Is Mahmoud Abbas the Nelson Mandela of the Palestinians? The skilful negotiator and diplomat. The leader who is not entirely opposed to the existence of the �enemy� but is bent on achieving self rule for the oppressed. The leader who does not entirely disband his military wing but is confident of the use of non-violent negotiated means to attain his peoples� aspirations. The leader who the �enemy� is confortable with even though he is captive to their powerful establishment.
Are there similarities between Nelson Mandela and Mahmoud Abbas and their unique approach to the struggle of their people? The situation in Palestine is completely different to the situation in Apartheid South Africa and both situations cannot be compared. South Africa was a situation were two identities struggled over control of resources that is clearly understood to belong to the oppressed majority. But the resource also was significantly altered in a positive way by the ruling minority. It was not a collective claim on a resource to which each wanted exclusive rights of ownership. Not just exclusive right but also a God and or Allah mandated exclusive right of ownership. So the situation gets complicated. (what can the Palestinians learn from the South Africa experience? Leave your comments
In the ancient empire building era wars, intrigues, palace coups and violent change was the accepted method of initiating and sustaining a struggle to a possible triumph. The winner takes all and the defeated is willingly subservient or is eliminated or subjugated by force. Today many countries possess enough ammunition to destroy large parts of the earth in one strike. So if an unrestrained war occurs we will all be dead meat in a few hours. This is the age of alliances. There is the UN, G20 the US and allies, BRICS, AU, EU etc. This is also an Information age. No group can be successful in its struggles against any adversary if its actions alienates or threatens people generally. This is why terrorism is still a stupid form of engagement. The PLO was bound to continued failure as long as they carried on with the methods of Yasser Arafat. For a time Israel and its allies branded them as terrorists and won the sympathy of major influential nations including the US and Britain. Abbas� diplomatic moves has now put a spin on all that or at least is heading that way. (Was Arafat good for the Palestinians? Leave your comments
Is the UN Palestinian bid sustainable? Abbas has mentioned in an interview with Raghida Dergham, a columnist for the pan-Arab newspaper Al-Hayat, and a contributing correspondent to the Global Viewpoint Network that the UN bid was a well thought out and �well calculated endeavour�. That fact is evident as the bid at the UN was submitted at a time Lebanon is holding the presidency of the UN security council. So this matter may probably get to a vote sooner that anticipated. If Abbas sustains the momentum, it can be expected that he will begin to win �allies� to his side. This is already evident as many Africans nations (notably Nigeria) begin to support the bid. In a non-violent struggle the Africans are the best in the world. Starting with the successes of the American civil rights to African independence struggles and the more recent South African experiences. Africans would readily identify with the Palestinian course. That leaves Abbas and the Palestinians a date with the UN veto powers; US. But as he wins allies to the Palestinian course Israel will begin to look increasingly alienated. Some EU member states (with Germany at the front) are slightly softening up, as well, towards a Palestinian state of some sort. A Vatican style UN recognition may be a deal clincher for the Palestinians. If the Palestinian authority under Abbas� leadership will unilaterally contain violence against Israel by Hamas and Fatah factions and at the same time manage a peaceful but animated demand for a Palestinian state and add a high level diplomatic engagement with UN security council members then it is going to be increasingly likely that Israel will come under pressure. It is clear from the speech by Abbas at the UN that he expects an �Arab spring� in Palestine: a mass movement of Palestinians backed by the increasingly vocal and democratic Arab brotherhood across the world to demand UN recognition in a more or less non-violent manner. What form Arab support for Abbas would take is still a guesswork. Popular boycott of US interests especially in Egypt is an initial possibility. (Do you support Abbas� methods? Leave your comment)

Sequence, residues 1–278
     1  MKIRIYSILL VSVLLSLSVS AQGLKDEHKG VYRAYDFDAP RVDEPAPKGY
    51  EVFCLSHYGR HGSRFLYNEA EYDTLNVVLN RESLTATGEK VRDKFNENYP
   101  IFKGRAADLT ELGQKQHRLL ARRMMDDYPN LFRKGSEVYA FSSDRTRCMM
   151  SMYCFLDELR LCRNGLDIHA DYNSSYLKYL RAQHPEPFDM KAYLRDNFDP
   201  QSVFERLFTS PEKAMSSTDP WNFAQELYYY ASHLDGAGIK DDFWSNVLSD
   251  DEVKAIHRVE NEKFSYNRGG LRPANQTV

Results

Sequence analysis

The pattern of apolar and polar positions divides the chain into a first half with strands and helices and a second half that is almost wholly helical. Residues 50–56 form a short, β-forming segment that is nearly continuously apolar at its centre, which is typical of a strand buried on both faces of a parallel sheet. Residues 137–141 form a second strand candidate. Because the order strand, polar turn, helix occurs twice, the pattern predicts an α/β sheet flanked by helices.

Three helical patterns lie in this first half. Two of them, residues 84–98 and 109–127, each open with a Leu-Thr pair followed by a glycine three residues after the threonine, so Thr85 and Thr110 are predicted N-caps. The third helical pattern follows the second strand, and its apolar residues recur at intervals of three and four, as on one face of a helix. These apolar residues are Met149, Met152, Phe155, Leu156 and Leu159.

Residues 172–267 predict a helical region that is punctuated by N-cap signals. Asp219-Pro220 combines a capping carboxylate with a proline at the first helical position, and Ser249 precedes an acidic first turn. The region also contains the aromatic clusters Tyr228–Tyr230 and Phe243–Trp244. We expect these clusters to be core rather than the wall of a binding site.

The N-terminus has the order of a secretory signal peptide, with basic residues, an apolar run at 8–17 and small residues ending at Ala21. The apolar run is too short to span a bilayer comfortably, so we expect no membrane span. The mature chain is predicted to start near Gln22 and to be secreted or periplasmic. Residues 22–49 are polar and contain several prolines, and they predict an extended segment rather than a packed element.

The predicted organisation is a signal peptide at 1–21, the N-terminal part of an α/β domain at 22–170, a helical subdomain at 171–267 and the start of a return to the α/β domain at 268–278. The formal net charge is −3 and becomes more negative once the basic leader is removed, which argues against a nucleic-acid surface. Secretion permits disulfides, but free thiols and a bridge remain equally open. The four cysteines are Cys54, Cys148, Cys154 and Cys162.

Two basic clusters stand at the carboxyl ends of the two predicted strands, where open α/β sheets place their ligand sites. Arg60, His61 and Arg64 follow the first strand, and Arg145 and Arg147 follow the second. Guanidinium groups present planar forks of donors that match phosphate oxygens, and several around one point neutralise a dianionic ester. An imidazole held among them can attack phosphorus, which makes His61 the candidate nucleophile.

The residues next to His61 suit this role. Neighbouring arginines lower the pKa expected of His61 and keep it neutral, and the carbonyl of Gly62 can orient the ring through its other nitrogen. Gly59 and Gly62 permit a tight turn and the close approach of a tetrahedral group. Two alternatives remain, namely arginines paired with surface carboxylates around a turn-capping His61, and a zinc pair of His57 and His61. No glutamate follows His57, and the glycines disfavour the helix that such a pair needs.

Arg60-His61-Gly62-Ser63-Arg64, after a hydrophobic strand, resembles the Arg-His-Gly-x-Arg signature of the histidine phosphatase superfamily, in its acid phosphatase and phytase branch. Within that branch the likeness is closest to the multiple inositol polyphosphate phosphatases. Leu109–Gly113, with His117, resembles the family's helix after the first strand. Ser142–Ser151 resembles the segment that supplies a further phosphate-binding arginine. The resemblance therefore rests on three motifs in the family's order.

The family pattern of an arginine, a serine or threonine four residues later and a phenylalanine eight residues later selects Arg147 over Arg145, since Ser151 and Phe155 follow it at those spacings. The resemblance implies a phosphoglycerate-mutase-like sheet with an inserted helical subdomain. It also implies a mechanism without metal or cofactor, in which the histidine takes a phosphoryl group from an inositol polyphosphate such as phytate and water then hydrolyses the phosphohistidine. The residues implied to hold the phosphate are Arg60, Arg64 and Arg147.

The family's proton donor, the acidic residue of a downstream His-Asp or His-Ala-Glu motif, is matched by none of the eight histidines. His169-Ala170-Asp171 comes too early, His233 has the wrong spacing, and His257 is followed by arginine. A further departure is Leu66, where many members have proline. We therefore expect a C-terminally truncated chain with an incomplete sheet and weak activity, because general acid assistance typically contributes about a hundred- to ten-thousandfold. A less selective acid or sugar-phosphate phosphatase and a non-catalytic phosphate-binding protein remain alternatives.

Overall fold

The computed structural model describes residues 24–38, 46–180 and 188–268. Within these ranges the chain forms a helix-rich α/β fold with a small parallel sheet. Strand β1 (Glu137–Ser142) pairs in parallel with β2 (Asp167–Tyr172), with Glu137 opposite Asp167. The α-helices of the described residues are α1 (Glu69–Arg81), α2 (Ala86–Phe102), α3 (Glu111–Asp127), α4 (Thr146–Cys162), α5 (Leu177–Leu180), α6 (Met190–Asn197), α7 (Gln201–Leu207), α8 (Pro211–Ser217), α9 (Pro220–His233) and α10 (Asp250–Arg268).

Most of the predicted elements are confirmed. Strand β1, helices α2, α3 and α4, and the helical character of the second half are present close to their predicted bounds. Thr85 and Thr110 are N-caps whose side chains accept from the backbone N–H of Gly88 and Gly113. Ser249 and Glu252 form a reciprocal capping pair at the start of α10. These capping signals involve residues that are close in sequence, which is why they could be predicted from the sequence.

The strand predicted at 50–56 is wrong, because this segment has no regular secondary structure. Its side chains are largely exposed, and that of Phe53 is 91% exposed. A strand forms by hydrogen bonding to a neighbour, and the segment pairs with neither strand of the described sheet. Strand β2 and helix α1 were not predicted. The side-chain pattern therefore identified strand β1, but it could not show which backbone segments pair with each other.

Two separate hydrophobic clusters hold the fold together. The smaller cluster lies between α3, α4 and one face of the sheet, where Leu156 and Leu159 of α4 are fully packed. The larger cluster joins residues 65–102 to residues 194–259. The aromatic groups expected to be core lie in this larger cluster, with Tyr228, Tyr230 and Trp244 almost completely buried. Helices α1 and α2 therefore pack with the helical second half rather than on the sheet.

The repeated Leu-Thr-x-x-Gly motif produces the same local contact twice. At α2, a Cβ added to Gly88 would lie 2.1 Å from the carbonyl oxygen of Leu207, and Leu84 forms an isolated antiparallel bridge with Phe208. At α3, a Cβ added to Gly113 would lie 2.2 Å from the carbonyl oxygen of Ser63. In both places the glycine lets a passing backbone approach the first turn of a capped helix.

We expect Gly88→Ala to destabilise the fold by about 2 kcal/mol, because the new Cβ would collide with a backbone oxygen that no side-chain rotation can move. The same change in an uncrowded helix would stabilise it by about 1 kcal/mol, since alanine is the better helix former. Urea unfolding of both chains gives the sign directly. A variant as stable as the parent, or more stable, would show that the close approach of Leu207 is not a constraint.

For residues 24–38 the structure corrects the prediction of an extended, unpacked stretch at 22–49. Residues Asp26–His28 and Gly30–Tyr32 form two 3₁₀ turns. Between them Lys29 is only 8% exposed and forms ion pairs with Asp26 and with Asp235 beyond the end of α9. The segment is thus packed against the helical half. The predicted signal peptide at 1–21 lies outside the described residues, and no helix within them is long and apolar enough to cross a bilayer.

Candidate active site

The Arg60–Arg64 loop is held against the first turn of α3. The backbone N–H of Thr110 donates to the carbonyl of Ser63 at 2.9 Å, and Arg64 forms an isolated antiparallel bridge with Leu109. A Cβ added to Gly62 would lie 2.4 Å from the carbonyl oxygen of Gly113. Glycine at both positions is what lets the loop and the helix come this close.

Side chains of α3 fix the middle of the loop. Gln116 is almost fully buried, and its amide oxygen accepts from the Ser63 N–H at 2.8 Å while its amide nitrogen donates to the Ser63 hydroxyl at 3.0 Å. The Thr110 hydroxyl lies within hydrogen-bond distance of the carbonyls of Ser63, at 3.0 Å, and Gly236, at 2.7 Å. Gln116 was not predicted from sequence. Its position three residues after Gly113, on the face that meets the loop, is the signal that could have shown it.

History will judge Abbas on the success of his latest move. Naturally with his widely known moderate approach he was bound to loose support at home as the US peace process continued to stall. The UN move is as much the only way for him to continue to sustain his control as President and maintain some control over the militant factions. If he fails to win the needed support from the international community and if the US plan continues to fail Abbas will loose credibility among Palestinians. Already he has acted like a typical Arab leader in renewing his term of office as Palestinian leader twice since the death of Arafat.
The chances of the UN voting to give Palestinians a state is slim with the US backing off the possibility with a threat to use its veto. Whatever happens Abbas target could be to re-establish a strong negotiating position against Israel as the PLO tries to stop continued development of settlements in contested territories. This is likely within reach of the PLO with Abbas UN move. And this could represent a new front in the struggle by Palestinians against Israel and its allies.
Do you think Mahmoud Abbas would be remembered as the Palestinian Nelson Mandela? Leave your thoughts below
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